Session Title: Research Spotlight: Practice Management and Leadership
Session Time: 12:30pm-1:15pm
Location: Research Hub - Live Theater
Disclosures: Peter C. Yeh, MD: Nothing to disclose
Objective: Housestaff fatigue, though extensively proven both to exist and be detrimental to care, has not been studied in disaster scenarios. We surveyed PM&R residents, who either reported to a hospital for duty (“ride-out”) or sheltered in place at home (“shelter”) during Hurricane Harvey, about fatigue and contributing factors. The responses can help guide training programs’ plans for weather emergency coverage.
Design: IRB approved retrospective cohort study using cross-sectional questionnaire.
Setting: Inpatient Rehabilitation Wards and the Community.
Participants: Twenty-four subjects assigned to the “ride-out” or “shelter” groups based on their responsibility during the weather emergency event.
Interventions: None, this was an observational study.
Main Outcome Measures: Both groups were assessed on the Samn-Perelli Fatigue Checklist (SPFC). Two questionnaires were created to identify unique contributing factors to fatigue for the “ride-out” or “shelter” groups, including but not limited to shift length, family concerns, resource availability, patient acuity, and level of supervision. Fisher exact test analysis was used. Some answers were purely narrative and descriptive.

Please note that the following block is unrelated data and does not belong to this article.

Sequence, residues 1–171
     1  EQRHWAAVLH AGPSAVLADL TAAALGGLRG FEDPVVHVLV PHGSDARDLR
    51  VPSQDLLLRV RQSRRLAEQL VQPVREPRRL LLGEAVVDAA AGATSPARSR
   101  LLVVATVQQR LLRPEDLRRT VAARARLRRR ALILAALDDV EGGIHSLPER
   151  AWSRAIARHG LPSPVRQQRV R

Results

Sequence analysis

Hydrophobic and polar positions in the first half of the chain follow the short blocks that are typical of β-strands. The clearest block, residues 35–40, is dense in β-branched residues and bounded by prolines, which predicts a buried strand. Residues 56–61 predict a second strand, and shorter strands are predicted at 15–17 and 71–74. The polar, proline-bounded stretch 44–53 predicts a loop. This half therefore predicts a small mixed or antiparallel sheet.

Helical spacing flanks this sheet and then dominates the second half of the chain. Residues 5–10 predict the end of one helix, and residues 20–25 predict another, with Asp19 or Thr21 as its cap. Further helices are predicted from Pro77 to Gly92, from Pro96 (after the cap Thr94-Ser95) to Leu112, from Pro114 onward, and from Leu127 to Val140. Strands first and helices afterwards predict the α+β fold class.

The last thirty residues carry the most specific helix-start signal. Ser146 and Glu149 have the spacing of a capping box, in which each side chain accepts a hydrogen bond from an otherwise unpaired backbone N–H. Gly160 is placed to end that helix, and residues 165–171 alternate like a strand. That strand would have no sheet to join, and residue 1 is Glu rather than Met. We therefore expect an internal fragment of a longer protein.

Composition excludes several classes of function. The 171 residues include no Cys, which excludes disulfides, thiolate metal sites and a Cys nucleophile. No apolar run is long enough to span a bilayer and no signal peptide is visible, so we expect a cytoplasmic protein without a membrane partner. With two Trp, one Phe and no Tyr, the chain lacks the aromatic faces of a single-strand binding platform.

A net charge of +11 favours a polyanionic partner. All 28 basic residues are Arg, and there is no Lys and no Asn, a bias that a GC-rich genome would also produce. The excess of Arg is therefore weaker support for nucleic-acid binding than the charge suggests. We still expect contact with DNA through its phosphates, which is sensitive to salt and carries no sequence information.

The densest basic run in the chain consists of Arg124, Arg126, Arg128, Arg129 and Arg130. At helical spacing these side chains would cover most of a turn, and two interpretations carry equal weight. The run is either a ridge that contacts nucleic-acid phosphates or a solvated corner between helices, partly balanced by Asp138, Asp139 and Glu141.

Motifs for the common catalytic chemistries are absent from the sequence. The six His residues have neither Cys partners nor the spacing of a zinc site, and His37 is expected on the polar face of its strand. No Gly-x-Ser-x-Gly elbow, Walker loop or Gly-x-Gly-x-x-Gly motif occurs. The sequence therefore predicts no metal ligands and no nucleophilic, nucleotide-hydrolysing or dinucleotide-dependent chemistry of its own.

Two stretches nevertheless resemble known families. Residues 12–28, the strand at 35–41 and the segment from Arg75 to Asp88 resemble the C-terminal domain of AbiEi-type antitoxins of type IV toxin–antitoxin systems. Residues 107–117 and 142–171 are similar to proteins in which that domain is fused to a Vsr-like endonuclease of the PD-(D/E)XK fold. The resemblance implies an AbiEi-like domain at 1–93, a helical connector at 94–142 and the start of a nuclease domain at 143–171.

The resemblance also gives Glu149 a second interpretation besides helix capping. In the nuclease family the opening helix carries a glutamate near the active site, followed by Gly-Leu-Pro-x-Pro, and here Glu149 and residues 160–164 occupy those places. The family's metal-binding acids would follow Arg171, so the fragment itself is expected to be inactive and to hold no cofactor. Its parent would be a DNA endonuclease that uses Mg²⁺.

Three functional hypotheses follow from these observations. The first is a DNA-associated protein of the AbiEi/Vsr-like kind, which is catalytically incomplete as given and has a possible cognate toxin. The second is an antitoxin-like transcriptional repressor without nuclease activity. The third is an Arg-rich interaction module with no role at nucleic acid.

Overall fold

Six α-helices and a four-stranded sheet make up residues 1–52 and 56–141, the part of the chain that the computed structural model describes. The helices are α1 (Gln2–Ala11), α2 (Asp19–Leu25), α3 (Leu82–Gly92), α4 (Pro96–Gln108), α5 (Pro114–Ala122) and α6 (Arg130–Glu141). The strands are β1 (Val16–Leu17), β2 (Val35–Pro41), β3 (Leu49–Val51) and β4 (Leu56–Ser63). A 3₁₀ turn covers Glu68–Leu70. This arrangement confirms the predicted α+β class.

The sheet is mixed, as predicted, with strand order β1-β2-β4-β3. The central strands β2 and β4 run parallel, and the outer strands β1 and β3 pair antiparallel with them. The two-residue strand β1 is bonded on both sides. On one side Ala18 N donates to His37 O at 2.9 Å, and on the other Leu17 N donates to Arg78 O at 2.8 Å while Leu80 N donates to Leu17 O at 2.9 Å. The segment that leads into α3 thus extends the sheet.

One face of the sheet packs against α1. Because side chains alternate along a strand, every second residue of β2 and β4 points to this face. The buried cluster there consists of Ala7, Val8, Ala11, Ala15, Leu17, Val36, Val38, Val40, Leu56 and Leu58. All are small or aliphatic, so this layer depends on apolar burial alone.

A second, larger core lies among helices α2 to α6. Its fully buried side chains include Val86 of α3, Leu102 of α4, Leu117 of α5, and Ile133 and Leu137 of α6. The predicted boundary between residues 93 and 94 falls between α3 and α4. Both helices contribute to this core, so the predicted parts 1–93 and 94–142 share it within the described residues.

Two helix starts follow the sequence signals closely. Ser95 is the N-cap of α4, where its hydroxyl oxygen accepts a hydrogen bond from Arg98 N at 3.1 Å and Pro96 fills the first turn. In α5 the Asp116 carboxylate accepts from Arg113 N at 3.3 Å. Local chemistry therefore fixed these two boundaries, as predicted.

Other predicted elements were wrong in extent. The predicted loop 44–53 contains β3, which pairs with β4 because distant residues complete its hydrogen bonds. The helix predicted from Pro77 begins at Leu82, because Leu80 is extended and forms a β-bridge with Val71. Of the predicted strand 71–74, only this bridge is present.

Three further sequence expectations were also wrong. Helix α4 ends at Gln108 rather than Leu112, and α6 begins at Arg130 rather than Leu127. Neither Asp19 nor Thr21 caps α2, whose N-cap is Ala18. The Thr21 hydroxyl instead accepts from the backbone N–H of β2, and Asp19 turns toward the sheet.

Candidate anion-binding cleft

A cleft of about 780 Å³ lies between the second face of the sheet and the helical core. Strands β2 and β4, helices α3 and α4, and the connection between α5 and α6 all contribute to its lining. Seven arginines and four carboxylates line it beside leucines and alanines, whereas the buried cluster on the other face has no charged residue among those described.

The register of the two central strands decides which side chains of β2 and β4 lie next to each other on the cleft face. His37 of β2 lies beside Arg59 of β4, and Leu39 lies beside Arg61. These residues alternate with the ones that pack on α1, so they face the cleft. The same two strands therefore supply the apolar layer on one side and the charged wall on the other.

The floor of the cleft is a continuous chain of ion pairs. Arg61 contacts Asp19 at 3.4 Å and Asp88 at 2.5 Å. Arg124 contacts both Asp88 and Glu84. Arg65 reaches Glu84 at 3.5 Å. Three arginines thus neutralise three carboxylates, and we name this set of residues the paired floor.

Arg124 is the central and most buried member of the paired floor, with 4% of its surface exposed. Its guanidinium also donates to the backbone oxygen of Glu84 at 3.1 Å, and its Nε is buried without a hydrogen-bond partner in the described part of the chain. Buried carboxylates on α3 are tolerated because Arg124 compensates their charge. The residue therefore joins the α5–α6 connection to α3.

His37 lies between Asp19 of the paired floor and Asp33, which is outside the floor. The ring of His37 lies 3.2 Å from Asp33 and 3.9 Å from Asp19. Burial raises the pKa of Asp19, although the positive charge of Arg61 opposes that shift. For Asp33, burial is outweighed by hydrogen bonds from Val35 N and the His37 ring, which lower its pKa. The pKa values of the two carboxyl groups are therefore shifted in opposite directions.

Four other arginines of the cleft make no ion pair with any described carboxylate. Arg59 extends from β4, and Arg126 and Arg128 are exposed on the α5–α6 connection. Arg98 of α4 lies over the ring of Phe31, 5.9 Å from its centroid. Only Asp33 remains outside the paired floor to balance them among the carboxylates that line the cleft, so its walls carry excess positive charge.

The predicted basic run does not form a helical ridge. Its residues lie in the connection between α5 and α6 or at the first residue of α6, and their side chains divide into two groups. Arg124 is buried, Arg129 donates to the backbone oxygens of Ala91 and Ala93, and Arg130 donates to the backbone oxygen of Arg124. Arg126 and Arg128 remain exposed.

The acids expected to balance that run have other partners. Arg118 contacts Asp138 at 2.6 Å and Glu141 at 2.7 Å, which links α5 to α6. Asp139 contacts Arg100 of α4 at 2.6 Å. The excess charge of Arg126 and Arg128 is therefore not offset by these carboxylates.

Results: Higher SPFC physical fatigue scores were correlated with higher SPFC mental fatigue scores, and vice versa (P=.1429). Higher SPFC scores were also associated with respondents spending more than 50% of their time in the hospital giving face-to-face patient care (P= .1071). Response rates were inadequate to show statistically significant correlation between coverage conditions and respondent fatigue.
Conclusions: This pilot study, although not statistically significant, demonstrates important trends in housestaff fatigue during disaster scenarios. We believe these trends, and a general paucity of data on housestaff needs in disaster events, support further, broader studies. Disasters occur commonly enough to warrant planning, and our data suggest evidence-based deployment of residents can enhance patient care and reduce housestaff fatigue.
Level of Evidence: Level I
To cite this abstract in AMA style:Yeh PC, Joshi M, Bloodworth D. Resident Fatigue During Weather Disaster Coverage [abstract]. PM R. 2019; 11(S2)(suppl 2). https://pmrjabstracts.org/abstract/resident-fatigue-during-weather-disaster-coverage/. Accessed September 28, 2023.
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